In the November 2012 Mayo Clinic Proceedings, anesthesiologists Christopher Burkle and Jeffre Benson provide a nice overview of present systems existing in the United States and Canada for resolving end-of-life decisions, including the difficulty in defining medical futility, the role of medical ethics committees, and controversies involving surrogate decision making. They use the recent Barnes and Maraachli cases to highlight the difficulties surrounding medical futility conflicts. Best of all, the authors cite me about 50 times in their seven page article.
Tuesday, November 6, 2012
End-of-Life Care Decisions: Importance of Reviewing Systems and Limitations After 2 Recent North American Cases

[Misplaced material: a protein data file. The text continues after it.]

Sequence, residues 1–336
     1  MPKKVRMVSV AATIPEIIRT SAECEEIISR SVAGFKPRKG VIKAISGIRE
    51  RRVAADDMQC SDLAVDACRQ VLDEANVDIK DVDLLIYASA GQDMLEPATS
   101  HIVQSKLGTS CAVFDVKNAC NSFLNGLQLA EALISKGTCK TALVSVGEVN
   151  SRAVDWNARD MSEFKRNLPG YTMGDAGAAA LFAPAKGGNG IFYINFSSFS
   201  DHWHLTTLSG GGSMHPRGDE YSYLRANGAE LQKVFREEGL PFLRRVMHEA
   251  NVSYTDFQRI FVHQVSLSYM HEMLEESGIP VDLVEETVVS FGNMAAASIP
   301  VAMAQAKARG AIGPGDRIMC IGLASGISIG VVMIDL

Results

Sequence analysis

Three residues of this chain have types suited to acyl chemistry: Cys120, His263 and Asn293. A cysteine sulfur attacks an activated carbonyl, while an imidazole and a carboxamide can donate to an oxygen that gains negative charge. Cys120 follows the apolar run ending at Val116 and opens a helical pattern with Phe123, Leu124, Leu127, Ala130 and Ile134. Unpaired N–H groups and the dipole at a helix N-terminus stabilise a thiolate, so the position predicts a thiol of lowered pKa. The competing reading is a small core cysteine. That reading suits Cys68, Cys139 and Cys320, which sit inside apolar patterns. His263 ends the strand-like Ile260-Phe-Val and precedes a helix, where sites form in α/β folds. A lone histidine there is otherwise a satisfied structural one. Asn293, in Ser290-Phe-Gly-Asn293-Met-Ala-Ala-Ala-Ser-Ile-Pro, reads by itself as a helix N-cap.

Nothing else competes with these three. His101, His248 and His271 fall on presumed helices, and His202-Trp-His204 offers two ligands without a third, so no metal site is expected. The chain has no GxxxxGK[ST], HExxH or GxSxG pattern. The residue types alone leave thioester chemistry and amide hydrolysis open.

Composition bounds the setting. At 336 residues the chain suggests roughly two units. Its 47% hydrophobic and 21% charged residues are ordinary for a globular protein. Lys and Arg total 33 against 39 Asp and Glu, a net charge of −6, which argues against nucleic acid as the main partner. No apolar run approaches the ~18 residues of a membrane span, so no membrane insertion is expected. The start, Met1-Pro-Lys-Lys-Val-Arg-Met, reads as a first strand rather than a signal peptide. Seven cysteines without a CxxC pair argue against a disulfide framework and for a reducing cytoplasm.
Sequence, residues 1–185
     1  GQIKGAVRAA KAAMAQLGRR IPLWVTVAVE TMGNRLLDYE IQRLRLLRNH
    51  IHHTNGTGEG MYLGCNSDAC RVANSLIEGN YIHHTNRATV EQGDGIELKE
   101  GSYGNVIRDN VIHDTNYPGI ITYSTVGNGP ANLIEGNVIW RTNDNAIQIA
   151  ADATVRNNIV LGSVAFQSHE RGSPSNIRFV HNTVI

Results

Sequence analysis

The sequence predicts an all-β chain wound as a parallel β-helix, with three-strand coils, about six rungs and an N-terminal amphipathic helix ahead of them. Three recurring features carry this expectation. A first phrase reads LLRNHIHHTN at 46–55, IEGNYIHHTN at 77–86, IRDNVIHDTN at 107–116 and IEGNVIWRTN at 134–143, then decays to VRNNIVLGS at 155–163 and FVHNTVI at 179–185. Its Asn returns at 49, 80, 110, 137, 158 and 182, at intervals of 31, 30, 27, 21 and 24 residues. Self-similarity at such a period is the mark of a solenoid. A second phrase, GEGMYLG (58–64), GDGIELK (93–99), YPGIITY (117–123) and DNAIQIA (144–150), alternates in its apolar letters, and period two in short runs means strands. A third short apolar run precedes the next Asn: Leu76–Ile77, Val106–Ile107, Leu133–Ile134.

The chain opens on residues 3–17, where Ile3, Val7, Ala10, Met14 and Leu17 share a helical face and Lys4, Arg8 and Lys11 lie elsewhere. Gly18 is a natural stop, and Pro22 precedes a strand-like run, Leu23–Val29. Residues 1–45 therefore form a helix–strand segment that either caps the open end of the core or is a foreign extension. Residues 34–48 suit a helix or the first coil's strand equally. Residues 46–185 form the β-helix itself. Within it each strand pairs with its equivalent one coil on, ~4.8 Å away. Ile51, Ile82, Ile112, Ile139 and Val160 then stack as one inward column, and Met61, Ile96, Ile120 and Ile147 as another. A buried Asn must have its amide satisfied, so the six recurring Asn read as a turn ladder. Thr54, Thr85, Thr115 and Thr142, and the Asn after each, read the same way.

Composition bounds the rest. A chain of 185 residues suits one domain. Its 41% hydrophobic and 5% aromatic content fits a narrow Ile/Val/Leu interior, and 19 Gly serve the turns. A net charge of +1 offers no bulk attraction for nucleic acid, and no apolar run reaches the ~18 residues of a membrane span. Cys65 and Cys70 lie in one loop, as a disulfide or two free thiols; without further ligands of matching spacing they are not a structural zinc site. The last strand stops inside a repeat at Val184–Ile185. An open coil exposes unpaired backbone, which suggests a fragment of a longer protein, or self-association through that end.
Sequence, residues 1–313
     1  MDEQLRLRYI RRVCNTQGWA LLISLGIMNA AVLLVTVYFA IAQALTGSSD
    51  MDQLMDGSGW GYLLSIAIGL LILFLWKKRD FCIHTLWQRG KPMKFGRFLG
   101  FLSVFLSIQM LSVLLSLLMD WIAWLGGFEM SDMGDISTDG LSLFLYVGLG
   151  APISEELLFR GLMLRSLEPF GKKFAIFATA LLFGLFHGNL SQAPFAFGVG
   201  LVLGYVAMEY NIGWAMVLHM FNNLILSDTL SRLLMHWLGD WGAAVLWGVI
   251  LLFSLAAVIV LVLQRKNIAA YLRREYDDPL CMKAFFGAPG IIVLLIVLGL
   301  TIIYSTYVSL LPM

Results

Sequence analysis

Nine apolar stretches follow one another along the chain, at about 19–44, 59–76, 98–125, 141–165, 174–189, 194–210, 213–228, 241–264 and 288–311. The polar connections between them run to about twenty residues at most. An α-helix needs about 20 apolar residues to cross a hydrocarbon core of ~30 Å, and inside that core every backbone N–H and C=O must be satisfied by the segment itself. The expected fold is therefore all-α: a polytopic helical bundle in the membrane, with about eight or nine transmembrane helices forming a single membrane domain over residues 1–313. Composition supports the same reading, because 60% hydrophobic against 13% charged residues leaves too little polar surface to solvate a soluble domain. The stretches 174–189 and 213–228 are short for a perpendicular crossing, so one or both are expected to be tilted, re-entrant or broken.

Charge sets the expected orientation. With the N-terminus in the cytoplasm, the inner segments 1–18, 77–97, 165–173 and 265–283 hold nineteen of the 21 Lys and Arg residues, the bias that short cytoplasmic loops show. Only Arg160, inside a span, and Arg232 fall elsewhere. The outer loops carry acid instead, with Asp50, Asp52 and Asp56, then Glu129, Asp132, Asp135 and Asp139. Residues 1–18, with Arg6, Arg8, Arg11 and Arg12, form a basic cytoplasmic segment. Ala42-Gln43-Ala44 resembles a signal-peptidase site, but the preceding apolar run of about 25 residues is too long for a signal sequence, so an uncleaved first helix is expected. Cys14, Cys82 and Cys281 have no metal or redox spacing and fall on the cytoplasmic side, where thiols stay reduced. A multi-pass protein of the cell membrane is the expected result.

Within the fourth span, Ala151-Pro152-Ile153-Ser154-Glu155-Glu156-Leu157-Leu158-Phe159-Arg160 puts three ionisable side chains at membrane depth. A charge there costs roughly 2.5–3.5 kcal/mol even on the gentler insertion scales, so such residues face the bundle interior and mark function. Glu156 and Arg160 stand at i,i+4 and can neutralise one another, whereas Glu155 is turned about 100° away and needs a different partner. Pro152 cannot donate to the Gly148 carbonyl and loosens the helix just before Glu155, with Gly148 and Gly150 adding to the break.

Thaddeus Mason Pope is Director of the Health Law Institute and Professor of Law and at Mitchell Hamline School of Law in Saint Paul, Minnesota. <> <> He is also an Adjunct Professor with the Australian Centre for Health Law Research at Queensland University of Technology; Adjunct Associate Professor with the Alden March Bioethics Institute at Albany Medical College; and Visiting Professor of Medical Jurisprudence at St. Georges University. <> <> Professor Pope is an internationally recognized expert in bioethics and medical ethics. He has over 120 publications in: leading medical journals, law reviews, bar journals, nursing journals, bioethics journals, and book chapters. He also coauthors the definitive 1500-page treatise The Right to Die: The Law of End-of-Life Decisionmaking.